Biden’s Immigration Choice and Mexico’s Dilemma

It used to be that Republicans used immigration as a wedge issue during elections to catalyze racist fears and insecurities into votes. Now that’s the strategy of both parties.

The high-level delegation led by Secretaries Antony Blinken and Alejandro Mayorkas to meet with Mexican president Andres Manuel Lopez Obrador in Mexico City confirmed that the Biden administration has embraced Republican demands to further criminalize and expel immigrants and asylum seekers as a central strategy of his reelection campaign. With Donald Trump and other Republican candidates spouting false information of a “border crisis”, Biden has given up the pretense of immigration rights and reform and turned to hardline contention, while reinforcing Republican rhetoric that migrants are somehow a threat to U.S. security.

Numerous press reports have revealed a tradeoff in the works to grant Republicans certain illegal and inhumane anti-immigrant measures in return for funding for the illegal and inhumane killing in Ukraine and Gaza. These likely include restricting humanitarian visas, increasing deportations and limiting the right to request asylum. The concessions being requested of Mexico may also be part of the sinister dealings.

Immigrant rights and Latino groups, along with the Hispanic and Progressive Caucuses in Congress, have expressed outrage at the measures and at the fact that they have not been advised or included. The Democratic Party risks being divided at a critical moment.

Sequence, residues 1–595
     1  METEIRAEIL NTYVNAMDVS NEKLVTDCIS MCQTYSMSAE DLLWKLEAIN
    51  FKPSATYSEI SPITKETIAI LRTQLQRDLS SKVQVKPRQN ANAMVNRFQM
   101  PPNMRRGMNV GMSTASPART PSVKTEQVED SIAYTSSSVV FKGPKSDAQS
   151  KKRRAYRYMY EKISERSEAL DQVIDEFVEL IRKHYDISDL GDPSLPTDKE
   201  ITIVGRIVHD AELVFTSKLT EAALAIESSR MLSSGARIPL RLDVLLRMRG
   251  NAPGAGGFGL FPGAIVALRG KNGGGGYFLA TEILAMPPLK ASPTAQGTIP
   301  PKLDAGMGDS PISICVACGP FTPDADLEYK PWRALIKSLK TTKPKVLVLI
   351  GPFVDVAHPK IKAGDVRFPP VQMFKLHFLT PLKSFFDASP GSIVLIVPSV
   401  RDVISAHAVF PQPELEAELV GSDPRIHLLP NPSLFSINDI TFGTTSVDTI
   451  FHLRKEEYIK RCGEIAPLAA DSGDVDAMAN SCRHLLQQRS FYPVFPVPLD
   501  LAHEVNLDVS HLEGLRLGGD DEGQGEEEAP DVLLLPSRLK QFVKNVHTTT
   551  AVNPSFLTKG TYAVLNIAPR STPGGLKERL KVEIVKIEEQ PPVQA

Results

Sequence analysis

The U.S. delegation to Mexico, which also included Homeland Security Advisor Elizabeth Sherwood-Randall, Ambassador Ken Salazar and Katie Tobin, National Security Council (no human rights officers were involved), met with Mexican President Andres Manuel Lopez Obrador on Dec. 27. Mexico’s delegation included the Secretaries of Foreign Relations, Government, Security, Defense and Navy. Lopez Obrador (AMLO) warned before the meeting that immigration is rapidly becoming key to US campaigns. Reading the writing on the wall, he decided to at least make Mexico’s cooperation look like a dialogue and not the result of unilateral imposition, and use the meeting to negotiate some points of his own while agreeing in practice to extend the U.S. crackdown on migrants throughout Mexican territory.